- Grade II listed manor
- Nine bedrooms: one en suite
- Two bathrooms
- Five reception rooms
- Great Hall
- Kitchen/breakfast and utility
- Garage, stables and outbuildings
- 2.6 acre plot with an ornamental lake
Wavendon Manor has just under 6,700 sq. ft. of accommodation set over three floors. There is an Elizabethan reception hall, six reception rooms, a conservatory and an orchid house. There are two kitchens, a utility room and a former servants hall which could be used as a breakfast room. There are nine bedrooms and three bathrooms. One wing can be separated from the main house and has been rented out in the past and is independently metered for electricity. The house has been kept up to date with modern plumbing and electrics, and a new roof on the main house in 2005. The period features have been sedulously maintained including the use of the original cast iron Victorian radiators in the central heating system. There is a fine collection of original Elizabethan and Victorian fireplaces, the latter with decorative tiled inserts in various designs.
History and heritage
Wavendon Manor was originally built in the 16th century but was extensively extended in the Victorian period. The property was purchased in 1797 by Sir Henry Hoare 3rd Baronet and the Hoare family owned in the house until 1919 when they inherited Stourhead House (now National Trust) and moved to Wiltshire. Among other additions, the Hoare family added the room known as The Great Hall in 1880 when it was used as a billiard room. It is currently used as a music room because of its excellent acoustics. In 1919 the house was purchased by the Honourable Linda Clarke and Charles Henry Geoffrey Mansfield Clarke Major. Linda Blanche Clarke was the youngest child of Lord Penrhyn of Penrhyn castle (also National Trust). The Manor was then inherited by Sybil, Vice Countess Portman. In 1894 the political author, Charles Whibley lived at the Manor. His sister in law was married to Whistler the painter. Wavendon Manor was given Grade II listed status in March 1952.
A half glazed timber door opens into the reception hall which is situated in the Elizabethan part of the house. This has the original Elizabethan flagstone floor, an original Elizabethan hand carved Totternhoe stone fireplace, and beams to the walls. A door from the reception hall opens to the dining room and another door to the inner hall which accesses the rest of the house.
The dual aspect dining room is in the Elizabethan part of the house. It has original Queen Anne panelling - which was added in 1710 - and a Queen Anne fireplace. There are windows to the front and side which still have the original shutters. There are built- in shelved cupboards behind the panelling on one wall, window seats and solid pine flooring. The dual aspect drawing room has French doors opening to the terrace and a walk-in bay window with glazed display cabinets on either side. The Victorian fireplace was designed by John Moyr Smith in 1875 and features a solid walnut surround with gilded carved fruit and Aesthetic movement Minton tiles depicting Aesops fables. The room has been fitted with original Victorian radiators. The library has a range of original 19th century fitted bookshelves, built-in cupboards and a Victorian fireplace with Aesthetic movement Minton tiles featuring birds and frogs designed by John and Christian Hénk in 1882.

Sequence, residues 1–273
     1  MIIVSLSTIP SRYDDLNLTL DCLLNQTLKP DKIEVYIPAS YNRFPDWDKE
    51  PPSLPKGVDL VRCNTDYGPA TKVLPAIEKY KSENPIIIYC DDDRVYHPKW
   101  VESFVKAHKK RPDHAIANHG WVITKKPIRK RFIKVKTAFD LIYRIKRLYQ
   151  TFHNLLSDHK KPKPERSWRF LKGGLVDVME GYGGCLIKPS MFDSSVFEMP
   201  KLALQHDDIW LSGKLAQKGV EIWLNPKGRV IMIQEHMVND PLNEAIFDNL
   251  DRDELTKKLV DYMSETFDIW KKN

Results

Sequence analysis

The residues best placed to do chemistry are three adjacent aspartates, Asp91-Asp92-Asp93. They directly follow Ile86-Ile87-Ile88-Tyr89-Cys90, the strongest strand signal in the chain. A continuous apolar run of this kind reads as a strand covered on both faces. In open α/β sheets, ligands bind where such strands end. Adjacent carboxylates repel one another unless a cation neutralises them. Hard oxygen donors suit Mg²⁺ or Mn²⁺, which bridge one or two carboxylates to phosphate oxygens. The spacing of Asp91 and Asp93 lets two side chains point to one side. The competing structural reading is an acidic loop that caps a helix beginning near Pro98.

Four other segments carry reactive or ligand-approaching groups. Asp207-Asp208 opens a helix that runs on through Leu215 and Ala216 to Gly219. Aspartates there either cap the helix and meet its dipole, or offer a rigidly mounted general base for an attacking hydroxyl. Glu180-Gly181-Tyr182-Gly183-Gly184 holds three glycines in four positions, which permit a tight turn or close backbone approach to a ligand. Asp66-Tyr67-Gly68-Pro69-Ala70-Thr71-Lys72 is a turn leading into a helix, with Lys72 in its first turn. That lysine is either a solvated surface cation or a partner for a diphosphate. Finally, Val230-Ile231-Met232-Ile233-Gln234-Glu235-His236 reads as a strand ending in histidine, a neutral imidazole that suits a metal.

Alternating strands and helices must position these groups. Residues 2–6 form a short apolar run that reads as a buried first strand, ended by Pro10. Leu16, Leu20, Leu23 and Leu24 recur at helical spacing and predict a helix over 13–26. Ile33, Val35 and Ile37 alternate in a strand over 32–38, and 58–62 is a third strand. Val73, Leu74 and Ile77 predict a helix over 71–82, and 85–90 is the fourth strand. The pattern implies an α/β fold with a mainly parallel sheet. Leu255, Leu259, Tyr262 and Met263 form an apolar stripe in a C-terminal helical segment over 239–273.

The Great Hall
The triple aspect Great Hall has walk-in bay windows to the rear and side, and a feature stained glass Arts and Craft window above the fireplace. The original fireplace has 18th century Delft tiles, a concealed flue and a multi-fuel fire. There is a polished pine floor, original window shutters, a vaulted ceiling and skylights. A grille in the floor covers a recess containing the radiators.
Rear Hallway, Media Room and Cloakroom
A door from The Great Hall leads to a rear hallway which in turn leads to the media room and a cloakroom. The cloakroom is fitted with a wash basin and WC. The media room has a slate floor with underfloor heating, elm beams, brick pillars and a vaulted ceiling. It is wired for broadband. A door to the side leads to the courtyard garden across from the utility room.
Kitchen/Breakfast Room and Utility Room
The kitchen has a quarry tiled floor and is fitted with a range of solid oak base and drawer units with teak work surfaces incorporating a double Belfast sink.. There are two integrated fridges, an integrated freezer and a gas fired four oven Aga. There is display shelving and an original Victorian dresser. The utility room is fitted with solid oak wall and drawer units, granite worktops, a stainless steel sink and a quarry tiled floor. There is an integrated dishwasher, a built under Moffat electric oven, a four burner gas hob with an extractor over, and space and plumbing for a washing machine and tumble dryer. The rear door opens to a courtyard.